Senate passes bingo bill
The state Senate on Tuesday passed legislation that would allow Alabama residents to go to the polls in November to vote on an amendment to regulate electronic bingo.
The “simple bingo bill,” as sponsor Roger Bedford, D-Russellville, had termed it, is a streamlined version of a bill Bedford had introduced earlier this session. The bill would create a state gaming commission to regulate electronic bingo and would tax gambling at least 25 percent, an amount Bedford has said could increase.
The bill passed 21-13.
State Sen. Marc Keahey, D-Grove Hill, who introduced similar legislation earlier this session, voted in favor of the bill. Several other bills — with varying degrees of regulation and taxation — were also introduced this session.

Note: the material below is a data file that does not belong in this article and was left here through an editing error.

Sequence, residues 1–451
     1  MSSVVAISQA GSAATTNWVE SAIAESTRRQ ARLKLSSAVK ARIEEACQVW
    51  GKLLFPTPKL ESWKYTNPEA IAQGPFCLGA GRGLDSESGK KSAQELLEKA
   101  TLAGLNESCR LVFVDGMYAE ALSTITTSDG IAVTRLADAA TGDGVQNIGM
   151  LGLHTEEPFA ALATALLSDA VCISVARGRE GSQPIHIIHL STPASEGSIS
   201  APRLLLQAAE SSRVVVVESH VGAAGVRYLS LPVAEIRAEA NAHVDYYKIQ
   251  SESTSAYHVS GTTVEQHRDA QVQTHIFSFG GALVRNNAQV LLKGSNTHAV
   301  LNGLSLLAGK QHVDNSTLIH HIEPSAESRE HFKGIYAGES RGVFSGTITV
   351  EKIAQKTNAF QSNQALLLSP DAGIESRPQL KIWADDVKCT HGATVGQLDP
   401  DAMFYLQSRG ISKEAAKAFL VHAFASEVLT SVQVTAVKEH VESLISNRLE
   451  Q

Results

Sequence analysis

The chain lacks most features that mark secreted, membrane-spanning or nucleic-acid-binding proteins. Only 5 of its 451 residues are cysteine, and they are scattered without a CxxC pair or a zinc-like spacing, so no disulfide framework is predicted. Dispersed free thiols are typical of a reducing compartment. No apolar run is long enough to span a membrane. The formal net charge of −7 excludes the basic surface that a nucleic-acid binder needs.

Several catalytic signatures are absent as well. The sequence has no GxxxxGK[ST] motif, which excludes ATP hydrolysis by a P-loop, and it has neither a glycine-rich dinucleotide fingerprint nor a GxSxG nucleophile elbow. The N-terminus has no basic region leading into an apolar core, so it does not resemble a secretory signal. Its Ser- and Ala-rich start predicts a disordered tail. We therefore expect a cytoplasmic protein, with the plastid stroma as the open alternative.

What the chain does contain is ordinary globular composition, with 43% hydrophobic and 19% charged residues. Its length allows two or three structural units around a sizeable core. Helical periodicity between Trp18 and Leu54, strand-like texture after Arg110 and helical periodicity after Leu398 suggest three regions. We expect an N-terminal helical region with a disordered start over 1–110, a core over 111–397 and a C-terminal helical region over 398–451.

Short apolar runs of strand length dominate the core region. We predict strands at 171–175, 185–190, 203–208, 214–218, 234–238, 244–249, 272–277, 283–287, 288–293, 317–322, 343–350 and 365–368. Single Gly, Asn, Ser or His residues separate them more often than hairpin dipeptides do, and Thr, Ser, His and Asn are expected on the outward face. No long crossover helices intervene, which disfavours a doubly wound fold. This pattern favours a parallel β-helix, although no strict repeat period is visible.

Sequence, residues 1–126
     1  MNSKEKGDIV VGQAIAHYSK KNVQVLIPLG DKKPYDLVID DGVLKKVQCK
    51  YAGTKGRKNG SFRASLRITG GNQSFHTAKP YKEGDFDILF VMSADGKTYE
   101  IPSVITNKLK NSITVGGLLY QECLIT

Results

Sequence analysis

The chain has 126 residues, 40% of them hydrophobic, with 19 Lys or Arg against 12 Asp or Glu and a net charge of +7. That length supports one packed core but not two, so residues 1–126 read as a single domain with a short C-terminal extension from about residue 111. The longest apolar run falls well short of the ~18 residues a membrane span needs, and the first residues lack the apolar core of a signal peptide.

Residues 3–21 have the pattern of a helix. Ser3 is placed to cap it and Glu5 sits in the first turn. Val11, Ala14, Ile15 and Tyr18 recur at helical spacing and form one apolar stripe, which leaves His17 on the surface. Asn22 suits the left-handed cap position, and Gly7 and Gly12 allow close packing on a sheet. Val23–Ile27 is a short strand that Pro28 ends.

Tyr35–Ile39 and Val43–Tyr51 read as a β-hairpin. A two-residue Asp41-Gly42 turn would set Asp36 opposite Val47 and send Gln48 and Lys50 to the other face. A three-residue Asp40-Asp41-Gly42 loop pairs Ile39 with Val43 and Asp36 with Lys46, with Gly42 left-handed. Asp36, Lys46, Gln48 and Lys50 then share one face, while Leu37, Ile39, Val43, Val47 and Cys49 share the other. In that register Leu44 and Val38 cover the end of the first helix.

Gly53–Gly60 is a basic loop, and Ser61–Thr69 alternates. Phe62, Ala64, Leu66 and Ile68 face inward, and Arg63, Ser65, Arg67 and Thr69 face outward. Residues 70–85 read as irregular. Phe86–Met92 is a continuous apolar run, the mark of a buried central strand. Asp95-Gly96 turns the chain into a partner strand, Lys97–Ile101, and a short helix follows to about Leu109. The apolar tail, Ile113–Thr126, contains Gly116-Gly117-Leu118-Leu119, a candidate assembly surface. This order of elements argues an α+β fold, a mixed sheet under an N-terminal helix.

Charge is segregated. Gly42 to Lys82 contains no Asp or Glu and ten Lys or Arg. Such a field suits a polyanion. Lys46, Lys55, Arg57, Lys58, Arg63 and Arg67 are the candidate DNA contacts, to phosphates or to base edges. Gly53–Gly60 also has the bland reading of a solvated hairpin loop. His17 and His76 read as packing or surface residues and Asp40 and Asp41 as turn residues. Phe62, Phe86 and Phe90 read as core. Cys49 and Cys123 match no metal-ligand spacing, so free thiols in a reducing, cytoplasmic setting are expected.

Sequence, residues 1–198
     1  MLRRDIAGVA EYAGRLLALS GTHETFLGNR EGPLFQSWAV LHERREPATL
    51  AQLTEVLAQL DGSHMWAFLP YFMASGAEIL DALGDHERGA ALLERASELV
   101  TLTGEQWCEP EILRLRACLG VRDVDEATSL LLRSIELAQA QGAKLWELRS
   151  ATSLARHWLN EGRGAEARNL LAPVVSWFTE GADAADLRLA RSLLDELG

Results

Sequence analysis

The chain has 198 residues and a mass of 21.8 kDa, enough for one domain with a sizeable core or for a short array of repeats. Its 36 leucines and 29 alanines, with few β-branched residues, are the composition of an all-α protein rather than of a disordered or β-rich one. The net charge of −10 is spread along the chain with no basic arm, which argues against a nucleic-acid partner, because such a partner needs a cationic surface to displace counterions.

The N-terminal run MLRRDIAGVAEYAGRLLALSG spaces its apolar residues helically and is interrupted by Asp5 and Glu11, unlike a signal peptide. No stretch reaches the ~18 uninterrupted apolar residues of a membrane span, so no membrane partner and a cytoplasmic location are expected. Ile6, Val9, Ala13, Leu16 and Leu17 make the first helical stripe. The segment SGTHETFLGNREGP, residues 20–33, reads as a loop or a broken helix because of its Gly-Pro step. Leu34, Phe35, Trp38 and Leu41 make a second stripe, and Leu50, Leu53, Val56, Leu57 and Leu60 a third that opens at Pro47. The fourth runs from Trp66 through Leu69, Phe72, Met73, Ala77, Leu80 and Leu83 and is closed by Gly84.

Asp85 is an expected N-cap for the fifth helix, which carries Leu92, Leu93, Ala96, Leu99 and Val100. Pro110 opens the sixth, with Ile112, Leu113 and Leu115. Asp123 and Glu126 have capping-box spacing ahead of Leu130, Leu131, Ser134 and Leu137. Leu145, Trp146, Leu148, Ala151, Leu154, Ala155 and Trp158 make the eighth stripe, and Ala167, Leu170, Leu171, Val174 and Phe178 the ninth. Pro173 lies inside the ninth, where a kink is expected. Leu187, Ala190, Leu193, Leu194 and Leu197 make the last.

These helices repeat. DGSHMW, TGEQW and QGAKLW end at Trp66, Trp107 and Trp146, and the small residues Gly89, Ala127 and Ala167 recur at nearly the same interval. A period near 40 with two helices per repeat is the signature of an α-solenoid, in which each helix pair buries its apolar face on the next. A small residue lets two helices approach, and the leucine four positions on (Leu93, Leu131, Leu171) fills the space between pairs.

State Rep. Alan Baker, R-Brewton, had said previously that he could not comment about any of the bingo legislation until it came before the House.
Gov. Bob Riley, whose gambling task force has attempted to shutdown several gaming establishments across the state, slammed the bill just before it passed the Senate. “The bill isn’t about gambling. It’s about corruption,” Riley said in a statement. “This is the most corrupt piece of legislation ever considered by the Senate. Gambling always brings corruption with it wherever it goes. Alabamians should ask themselves one question about this bill: do they think we will have less corruption or more corruption if it passes?”
Bedford’s original bill would have determined 10 destination points where electronic bingo would be located, including existing casinos.